County Executive Debbie Preston informed the editorial staff of the People’s Press that the naming rights for the Broome County Department of Social Services building would soon be awarded to a consortium of large corporations doing business in this county. (It was recently announced by Ms. Preston that the naming rights for the Broome County Veterans Memorial Arena was awarded to the Maines Corporation in honor of their founding father and veteran, Floyd Maines.)
The businesses given naming rights to the DSS building include Wal-Mart, Mc Donald’s, Burger King, Boscov’s, Kmart, and others that Preston will name at a later date. These companies jumped at the opportunity because they wanted to acknowledge the public financial support given to their employees and their families. This public support, provided by DSS, for the employees comes in the form of financial aid, food stamps, heating fuel assistance and many other programs that allow the workers to live while performing the work assigned by the corporations. Without this public assistance the corporations would have to pay a living wage and report less profit to their owners and stockholders.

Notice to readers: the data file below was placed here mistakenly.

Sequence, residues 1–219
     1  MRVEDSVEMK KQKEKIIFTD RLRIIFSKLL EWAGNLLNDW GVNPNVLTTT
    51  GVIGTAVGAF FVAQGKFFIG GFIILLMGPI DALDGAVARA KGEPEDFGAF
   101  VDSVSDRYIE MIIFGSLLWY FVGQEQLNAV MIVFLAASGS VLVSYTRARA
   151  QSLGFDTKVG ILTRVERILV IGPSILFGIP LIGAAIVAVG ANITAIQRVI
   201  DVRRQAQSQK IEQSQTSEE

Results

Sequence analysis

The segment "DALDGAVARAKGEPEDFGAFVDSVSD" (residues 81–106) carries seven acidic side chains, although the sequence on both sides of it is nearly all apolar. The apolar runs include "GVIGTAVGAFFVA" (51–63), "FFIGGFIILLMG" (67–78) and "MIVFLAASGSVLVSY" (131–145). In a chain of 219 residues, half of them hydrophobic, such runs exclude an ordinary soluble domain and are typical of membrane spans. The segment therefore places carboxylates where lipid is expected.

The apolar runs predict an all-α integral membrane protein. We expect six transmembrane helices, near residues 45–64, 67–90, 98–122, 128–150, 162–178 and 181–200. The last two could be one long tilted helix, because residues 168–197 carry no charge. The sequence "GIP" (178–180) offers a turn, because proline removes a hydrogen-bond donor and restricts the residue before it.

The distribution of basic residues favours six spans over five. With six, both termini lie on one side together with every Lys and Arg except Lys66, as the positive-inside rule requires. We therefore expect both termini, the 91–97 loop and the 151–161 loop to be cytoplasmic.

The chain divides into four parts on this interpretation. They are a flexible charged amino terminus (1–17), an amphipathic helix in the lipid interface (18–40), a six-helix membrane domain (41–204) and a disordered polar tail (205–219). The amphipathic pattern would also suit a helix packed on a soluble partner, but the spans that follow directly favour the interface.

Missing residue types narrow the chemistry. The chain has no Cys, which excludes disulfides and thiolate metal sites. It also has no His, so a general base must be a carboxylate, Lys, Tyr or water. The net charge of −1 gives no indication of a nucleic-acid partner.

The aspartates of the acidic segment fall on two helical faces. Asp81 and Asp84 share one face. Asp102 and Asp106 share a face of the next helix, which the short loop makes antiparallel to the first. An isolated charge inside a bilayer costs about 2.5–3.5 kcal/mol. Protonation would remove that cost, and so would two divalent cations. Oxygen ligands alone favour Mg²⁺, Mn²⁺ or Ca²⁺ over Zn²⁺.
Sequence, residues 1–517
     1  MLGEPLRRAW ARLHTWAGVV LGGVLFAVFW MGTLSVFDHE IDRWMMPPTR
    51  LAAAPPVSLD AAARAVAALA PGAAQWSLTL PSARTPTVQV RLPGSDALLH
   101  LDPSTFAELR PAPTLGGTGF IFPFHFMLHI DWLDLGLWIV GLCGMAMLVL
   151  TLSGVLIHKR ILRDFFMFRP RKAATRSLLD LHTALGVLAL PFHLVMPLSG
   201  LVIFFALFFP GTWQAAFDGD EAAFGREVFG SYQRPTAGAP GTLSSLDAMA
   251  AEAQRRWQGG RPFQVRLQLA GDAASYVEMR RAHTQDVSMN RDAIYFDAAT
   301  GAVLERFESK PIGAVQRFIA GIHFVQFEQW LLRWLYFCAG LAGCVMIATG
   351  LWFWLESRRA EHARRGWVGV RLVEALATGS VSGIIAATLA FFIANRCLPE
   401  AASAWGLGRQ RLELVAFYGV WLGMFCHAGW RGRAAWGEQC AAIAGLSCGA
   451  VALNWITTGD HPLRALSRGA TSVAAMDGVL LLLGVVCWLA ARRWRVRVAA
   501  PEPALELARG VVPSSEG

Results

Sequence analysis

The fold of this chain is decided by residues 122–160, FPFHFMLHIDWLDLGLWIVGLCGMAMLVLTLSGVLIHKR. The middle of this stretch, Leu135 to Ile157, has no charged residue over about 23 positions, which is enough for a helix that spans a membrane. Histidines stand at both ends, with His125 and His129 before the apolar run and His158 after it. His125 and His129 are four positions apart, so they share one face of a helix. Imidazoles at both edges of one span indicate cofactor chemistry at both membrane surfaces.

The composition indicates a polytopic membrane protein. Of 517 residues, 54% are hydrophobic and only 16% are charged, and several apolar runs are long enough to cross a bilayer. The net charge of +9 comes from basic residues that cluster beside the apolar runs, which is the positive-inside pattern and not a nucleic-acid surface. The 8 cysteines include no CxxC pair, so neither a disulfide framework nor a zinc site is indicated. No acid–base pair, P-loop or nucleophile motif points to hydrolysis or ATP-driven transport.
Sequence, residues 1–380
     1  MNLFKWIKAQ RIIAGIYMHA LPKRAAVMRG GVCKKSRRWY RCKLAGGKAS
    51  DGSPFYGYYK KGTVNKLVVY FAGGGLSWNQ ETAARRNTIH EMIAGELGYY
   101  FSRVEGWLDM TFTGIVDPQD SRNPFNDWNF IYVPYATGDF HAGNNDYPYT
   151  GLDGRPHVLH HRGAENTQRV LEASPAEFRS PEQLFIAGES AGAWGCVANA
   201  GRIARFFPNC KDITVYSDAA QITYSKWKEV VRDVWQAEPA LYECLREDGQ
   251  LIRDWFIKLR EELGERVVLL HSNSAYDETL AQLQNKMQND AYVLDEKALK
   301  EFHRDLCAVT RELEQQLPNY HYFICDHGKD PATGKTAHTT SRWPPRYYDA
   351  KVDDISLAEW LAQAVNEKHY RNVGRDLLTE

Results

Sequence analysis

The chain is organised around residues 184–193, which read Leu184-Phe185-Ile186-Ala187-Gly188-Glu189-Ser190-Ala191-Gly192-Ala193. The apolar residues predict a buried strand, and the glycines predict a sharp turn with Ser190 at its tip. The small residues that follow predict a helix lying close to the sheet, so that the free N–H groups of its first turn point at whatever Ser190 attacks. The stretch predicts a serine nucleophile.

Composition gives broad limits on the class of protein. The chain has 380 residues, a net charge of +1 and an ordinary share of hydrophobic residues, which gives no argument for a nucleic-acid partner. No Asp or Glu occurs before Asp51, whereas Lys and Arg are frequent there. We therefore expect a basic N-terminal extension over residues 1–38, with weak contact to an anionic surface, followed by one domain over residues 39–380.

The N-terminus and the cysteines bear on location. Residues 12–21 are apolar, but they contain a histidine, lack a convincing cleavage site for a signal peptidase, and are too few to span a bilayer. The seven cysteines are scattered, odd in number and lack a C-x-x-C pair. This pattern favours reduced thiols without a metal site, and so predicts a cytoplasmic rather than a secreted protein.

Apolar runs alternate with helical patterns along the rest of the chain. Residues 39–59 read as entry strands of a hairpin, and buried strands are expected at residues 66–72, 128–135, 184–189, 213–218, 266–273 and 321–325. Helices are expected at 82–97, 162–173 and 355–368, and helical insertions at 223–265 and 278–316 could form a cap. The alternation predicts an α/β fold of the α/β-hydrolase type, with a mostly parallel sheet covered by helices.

BINGHAMTON, NY - Today, the Binghamton City Council Democratic Majority released the following statement expressing their disappointment regarding Mayor Richard David’s recent appointment of Binghamton Lawyer Robert Murphy to be the new Director of Economic Development:
Robert Murphy's track record or lack thereof, with economic development will lead the City of Binghamton toward a path of economic un-development. By appointing a lawyer with no economic development experience, and a Broome County Republican Party insider, it is clear Mayor David would rather play republican favoritism than create jobs and economic development opportunities for the residents of the city.
There is nothing in Mr. Murphy’s resume that qualifies him for the position, which is of key importance to the city. However, of greater concern are chapters in Mr. Murphy’s history in which he actively worked against the best interest of our residents.
In 2008, the City had secured a vendor for the construction of a grocery store in the Binghamton Plaza on the City’s North Side. Mr. Murphy, working as the attorney for the Binghamton plaza owners, stonewalled the project delaying this much-needed resource for North Side residents. Then, during the following Mayoral race, Mr. Murphy played politics with the grocery store once again by announcing a politically convenient agreement to favor the election effort of now Mayor Richard David.
Another troubling episode happened in 2008